Roads, public transport, internet: what does the infrastructure bill contain | Business


WASHINGTON (AP) – The House passed a $ 1,000 billion bipartisan plan to rebuild roads and bridges, modernize public works systems and boost broadband internet, among other major improvements to the city’s infrastructure. country. The legislation now goes to President Joe Biden for his signature.

Once signed by Biden, the new law will reach virtually every corner of the country – a landmark investment the president has compared to building the transcontinental railroad and the Interstate Highway System. The White House predicts that the investments will create, on average, around 2 million jobs per year over the next decade.

The bill cleared the House on Friday night on a 228-206 vote, ending weeks of intra-party negotiations in which Liberal Democrats insisted the legislation be tied to a social spending bill larger than $ 1.75 trillion – an effort to pressure more moderate Democrats to support both.

The Senate passed the law by 69 to 30 votes in August after rare bipartisan negotiations, and the House has kept that compromise intact. Thirteen House Republicans voted for the bill, giving Democrats more than enough votes to overcome a handful of progressive defections.

Here’s a breakdown of the bill Biden is expected to sign soon:

The bill would provide $ 110 billion to repair the country’s aging highways, bridges and roads. According to the White House, a total of 173,000 miles of freeways and major roads in America and 45,000 bridges are in poor condition. And the nearly $ 40 billion for bridges is the biggest investment dedicated to bridges since the construction of the interstate highway system, according to President Joe Biden’s administration.

The $ 39 billion for public transit in legislation would expand transportation systems, improve accessibility for people with disabilities, and provide dollars to state and local governments to purchase zero-emission, low-emission buses. The Department of Transportation estimates that the current repair backlog is over 24,000 buses, 5,000 rail cars, 200 stations and thousands of kilometers of track and electrical systems.


To reduce Amtrak’s maintenance backlog, which has worsened since Storm Sandy nine years ago, the bill would provide $ 66 billion to improve the 457-mile-long northeast corridor as well as ‘other routes. That’s less than the $ 80 billion Biden – who drove Amtrak from Delaware to DC during his time in the Senate – originally claimed, but it would be the biggest federal investment in passenger rail service since founding from Amtrak 50 years ago.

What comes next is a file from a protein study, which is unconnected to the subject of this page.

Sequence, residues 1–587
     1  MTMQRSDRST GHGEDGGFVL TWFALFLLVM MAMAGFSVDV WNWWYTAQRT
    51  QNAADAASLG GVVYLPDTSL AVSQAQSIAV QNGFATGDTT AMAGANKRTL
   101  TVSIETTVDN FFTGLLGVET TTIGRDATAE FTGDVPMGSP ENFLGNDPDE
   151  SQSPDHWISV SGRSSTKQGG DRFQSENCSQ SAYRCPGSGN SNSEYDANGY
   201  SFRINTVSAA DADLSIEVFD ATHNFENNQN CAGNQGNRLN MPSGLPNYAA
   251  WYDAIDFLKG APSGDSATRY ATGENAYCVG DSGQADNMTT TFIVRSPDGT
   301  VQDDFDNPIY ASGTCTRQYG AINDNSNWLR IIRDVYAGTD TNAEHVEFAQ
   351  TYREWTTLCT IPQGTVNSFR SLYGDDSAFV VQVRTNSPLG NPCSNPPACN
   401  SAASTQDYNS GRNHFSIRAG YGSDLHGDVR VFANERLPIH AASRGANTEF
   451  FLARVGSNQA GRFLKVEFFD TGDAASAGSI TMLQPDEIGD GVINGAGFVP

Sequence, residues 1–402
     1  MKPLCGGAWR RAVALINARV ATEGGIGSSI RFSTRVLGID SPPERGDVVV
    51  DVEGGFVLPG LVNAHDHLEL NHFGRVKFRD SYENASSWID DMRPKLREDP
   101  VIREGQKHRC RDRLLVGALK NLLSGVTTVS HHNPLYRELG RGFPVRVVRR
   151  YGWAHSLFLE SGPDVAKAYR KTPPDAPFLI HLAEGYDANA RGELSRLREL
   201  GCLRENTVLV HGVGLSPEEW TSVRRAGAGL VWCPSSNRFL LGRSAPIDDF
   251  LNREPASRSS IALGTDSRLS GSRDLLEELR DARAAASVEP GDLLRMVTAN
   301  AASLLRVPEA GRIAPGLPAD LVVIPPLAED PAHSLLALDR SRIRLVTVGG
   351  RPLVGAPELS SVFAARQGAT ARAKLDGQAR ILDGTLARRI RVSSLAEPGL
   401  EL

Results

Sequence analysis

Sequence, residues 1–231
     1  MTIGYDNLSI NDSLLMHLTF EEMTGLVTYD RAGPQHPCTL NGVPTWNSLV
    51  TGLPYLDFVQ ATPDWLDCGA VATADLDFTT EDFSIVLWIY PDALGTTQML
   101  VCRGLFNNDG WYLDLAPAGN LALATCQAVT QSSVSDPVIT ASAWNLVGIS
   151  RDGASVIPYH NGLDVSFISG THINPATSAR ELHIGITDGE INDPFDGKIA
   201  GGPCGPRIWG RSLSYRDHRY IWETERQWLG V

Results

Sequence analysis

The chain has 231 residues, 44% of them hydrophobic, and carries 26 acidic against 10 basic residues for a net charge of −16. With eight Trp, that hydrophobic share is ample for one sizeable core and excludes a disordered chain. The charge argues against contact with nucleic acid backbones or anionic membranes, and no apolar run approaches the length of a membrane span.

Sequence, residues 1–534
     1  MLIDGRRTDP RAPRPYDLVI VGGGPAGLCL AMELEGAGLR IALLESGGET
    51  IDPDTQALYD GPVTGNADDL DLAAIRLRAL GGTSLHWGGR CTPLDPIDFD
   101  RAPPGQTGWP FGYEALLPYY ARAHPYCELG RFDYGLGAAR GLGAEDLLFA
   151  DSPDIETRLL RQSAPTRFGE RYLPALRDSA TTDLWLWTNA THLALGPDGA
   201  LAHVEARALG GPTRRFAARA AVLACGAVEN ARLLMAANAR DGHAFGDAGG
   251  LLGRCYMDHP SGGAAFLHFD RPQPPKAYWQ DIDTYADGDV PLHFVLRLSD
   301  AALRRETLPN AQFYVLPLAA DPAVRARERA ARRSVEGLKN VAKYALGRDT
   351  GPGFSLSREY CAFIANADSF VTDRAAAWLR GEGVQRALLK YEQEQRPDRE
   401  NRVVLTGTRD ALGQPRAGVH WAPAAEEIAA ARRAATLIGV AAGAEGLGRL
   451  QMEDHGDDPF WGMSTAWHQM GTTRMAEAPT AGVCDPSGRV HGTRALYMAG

The bill would spend $ 7.5 billion on electric vehicle charging stations, which the administration says are key to accelerating the use of electric vehicles to fight climate change. It would also provide $ 5 billion for the purchase of electric and hybrid school buses, reducing reliance on diesel-powered school buses.

The $ 65 billion in broadband legislation would aim to improve Internet services for rural areas, low-income families and tribal communities. Most of the money would be made available through state grants.


To protect against the widespread power outages that have become more frequent in recent years, the bill would spend $ 65 billion to improve the reliability and resiliency of the country’s power grid. It would also boost carbon capture technologies and more environmentally friendly sources of electricity like clean hydrogen.

The bill would spend $ 25 billion to improve runways, gates and taxiways at airports and to improve terminals. It would also improve the aging infrastructure of air traffic control towers.

To improve the safety of the country’s drinking water, the law would spend $ 55 billion on water supply and sanitation infrastructure. The bill would include $ 15 billion to replace lead pipes and $ 10 billion to combat water contamination with polyfluoroalkyl substances, or PFAS – chemicals that were used in the production of Teflon and have also been used in fire fighting foam, water repellent clothing and many other items. .

The five-year spending program would be paid for by taking $ 210 billion in unspent COVID-19 relief aid and $ 53 billion in UI assistance that some states have halted, along with a range other small pots of money, like sales of oil reserves and spectrum auctions for 5G services.

Associated Press editors Alexandra Jaffe, Kevin Freking, and Lisa Mascaro contributed to this report.

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